[ANNOUNCE] D-Bus 1.0 RC 1 (0.93) released

Havoc Pennington hp at redhat.com
Mon Sep 18 06:50:16 PDT 2006


Kimmo Hämäläinen wrote:
 > I'm just telling you something I have learned while developing an
 > embedded Linux system. In such a swapless, low-RAM system we sometimes
 > might want to deny memory allocations of an application to prevent the
 > whole system from crashing. Technologies such as Glib (which just calls
 > abort() on OOM) do not make this easy (actually pretty impossible).
 > D-Bus is used also in the lowest levels, so it should allow extremely
 > robust programs.
 > If there is a small thing we can do to make the developer's life easier,
 > why not do it?

The basic issue is that it isn't a small thing at all. To do this, we 
have to:
  - add a DBusError to *every* function, quite possibly doubling the API
    size with tons of _with_error variants
  - remove the ability to shrink the library significantly, since
    --disable-checks/--enable-checks would now be in the API contract
  - conduct certain inefficient checks and and over and over on the same
    data. So for example appending a string to a message could require
    validation several times as it moves through different functions in
    the API. _expensive_ compared to just validating untrusted data one
    time as it enters the address space (from disk or network).

What would happen in this case I'm very sure:
  - people would quickly get in the habit of passing NULL for "useless"
    and "can't happen" DBusError
  - they would then fail to use DBusError in the cases we have now,
    i.e. when it does in fact have a purpose in reporting a
    compile-time-undetectable error condition such as IO errors

If you really think I'm wrong, nothing says these _with_error() variants 
have to be in libdbus itself; they could as easily be a binding. So 
someone could offer a library that provides just what you say. If lots 
of people were using that library then we'd have to consider whether to 
include it in main libdbus. But I doubt a lot of people would be.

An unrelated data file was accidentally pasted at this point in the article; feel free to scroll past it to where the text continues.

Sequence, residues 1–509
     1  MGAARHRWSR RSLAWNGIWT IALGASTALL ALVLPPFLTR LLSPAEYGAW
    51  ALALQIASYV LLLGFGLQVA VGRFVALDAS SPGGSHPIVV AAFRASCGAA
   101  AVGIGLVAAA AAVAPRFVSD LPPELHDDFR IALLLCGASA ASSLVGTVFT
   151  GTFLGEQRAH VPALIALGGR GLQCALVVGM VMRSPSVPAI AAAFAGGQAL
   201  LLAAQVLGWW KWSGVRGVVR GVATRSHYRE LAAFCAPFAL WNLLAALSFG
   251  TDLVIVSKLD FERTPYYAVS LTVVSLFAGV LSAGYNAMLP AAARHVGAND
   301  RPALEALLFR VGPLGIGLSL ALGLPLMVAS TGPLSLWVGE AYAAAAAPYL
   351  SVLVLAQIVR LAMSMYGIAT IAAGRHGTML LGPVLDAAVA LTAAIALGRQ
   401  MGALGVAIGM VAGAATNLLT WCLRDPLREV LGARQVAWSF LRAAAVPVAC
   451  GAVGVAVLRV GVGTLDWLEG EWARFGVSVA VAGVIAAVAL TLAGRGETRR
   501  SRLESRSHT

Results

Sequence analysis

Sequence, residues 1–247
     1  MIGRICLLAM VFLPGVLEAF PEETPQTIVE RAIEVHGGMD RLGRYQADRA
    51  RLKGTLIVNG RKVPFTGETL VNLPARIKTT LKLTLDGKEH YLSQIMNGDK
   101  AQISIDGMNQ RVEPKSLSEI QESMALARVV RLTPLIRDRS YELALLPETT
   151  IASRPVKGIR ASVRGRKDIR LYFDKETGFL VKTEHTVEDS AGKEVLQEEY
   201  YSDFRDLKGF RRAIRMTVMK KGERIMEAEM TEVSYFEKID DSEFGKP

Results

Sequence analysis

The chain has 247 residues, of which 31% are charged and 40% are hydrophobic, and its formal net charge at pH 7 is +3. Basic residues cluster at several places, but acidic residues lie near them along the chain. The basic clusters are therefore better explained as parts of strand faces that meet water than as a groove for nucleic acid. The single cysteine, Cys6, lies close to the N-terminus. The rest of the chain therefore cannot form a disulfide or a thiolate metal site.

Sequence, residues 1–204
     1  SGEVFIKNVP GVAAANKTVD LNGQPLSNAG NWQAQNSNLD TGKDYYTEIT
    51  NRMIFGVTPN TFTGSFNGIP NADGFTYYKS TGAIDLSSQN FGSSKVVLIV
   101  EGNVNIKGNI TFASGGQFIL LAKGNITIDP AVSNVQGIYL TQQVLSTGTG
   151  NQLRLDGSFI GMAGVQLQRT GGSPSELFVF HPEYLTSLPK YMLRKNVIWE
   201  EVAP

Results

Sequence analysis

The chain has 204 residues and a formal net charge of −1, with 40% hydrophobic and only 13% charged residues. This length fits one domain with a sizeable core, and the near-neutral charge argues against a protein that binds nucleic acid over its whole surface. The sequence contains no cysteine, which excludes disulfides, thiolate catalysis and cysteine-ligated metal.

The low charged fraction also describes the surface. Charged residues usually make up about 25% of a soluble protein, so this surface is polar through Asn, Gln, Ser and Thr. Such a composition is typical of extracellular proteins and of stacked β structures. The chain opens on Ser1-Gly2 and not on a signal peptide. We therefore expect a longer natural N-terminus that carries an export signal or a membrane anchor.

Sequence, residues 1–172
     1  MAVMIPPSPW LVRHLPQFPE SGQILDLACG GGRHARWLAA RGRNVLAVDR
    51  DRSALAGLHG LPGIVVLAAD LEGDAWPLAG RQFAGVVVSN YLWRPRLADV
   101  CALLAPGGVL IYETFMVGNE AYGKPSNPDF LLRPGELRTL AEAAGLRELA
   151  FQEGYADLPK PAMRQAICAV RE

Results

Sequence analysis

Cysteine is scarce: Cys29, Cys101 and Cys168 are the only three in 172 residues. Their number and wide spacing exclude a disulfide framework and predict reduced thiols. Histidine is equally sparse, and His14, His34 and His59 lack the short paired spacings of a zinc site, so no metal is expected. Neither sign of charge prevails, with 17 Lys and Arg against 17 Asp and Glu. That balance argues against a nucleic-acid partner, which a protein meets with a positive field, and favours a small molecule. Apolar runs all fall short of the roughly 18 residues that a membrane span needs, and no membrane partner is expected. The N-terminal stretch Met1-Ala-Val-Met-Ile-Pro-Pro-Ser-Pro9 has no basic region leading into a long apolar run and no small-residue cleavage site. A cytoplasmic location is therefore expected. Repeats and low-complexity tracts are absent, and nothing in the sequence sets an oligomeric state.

> Yes, it's a bug, but I don't understand why D-Bus library should make it
> more difficult to fix the bug.

These checks are there to make it easier. The check prints out a warning 
about exactly what is wrong, and the fix is almost always trivial.

> Think about the time when developing the
> client program -- the more error codes/messages the easier for the
> developer.

That's why return_if_fail prints an error message

> Also, there should be a way to handle these errors in
> run-time because some of us (with bad genes?) make mistakes that are not
> caught in development time (asserts are not an alternative here).

If you're going to write:
try {
} catch (NullPointerException e) {


then you may as well write:
if (foo != NULL)

IOW you are proposing:

try {
    dbus_blah(foo); // this is buggy
} catch (BugInProgramException e) {


catching null pointer exception is definitely frowned upon in Java too; 
catching a bug instead of fixing it is just weird. Either way you have 
to modify the code!

> This crashing client library is another thing I don't understand. I
> simply don't understand why the library should 'punish' the user instead
> of helping him to develop robust programs. If there is a crash, at least
> the reason should be told (e.g. by returning an error code). I believe
> this is a must for some high-level bindings as well, so that they can
> raise an exception instead of just crashing.

High-level bindings must validate sufficiently to be sure they don't 
pass anything invalid to libdbus.

> The contract must tell exactly what can be returned and when.

The contract is something like:
  - the allowed args are xyz. if those are passed, abc happens.
  - if you pass non-allowed args, dbus will make a best effort
    to notice and print an explanatory warning, but has no
    defined behavior

Note that in C/C++, there is no robust RTTI and anything can segfault if 
touched improperly. So the contract for non-allowed args is *at most* 
that certain common ones are handled; it's impossible to generically 
handle anything passed in.

  There is
> no disclaimer 'your program must be bug-free'. What other API than the
> D-Bus API requires this?

In C/C++, pretty much all of them. The entire glib+gtk stack for 
starters, but many others effectively do. Some use the "print warning 
and enter undefined mode" approach and some just crash if given invalid 
args. cairo has its own trick, which is that it stops drawing anything. 
So if you pass invalid args nothing gets drawn after that and you have 
to try and figure out which function is the problem. I prefer the 
warning ;-)


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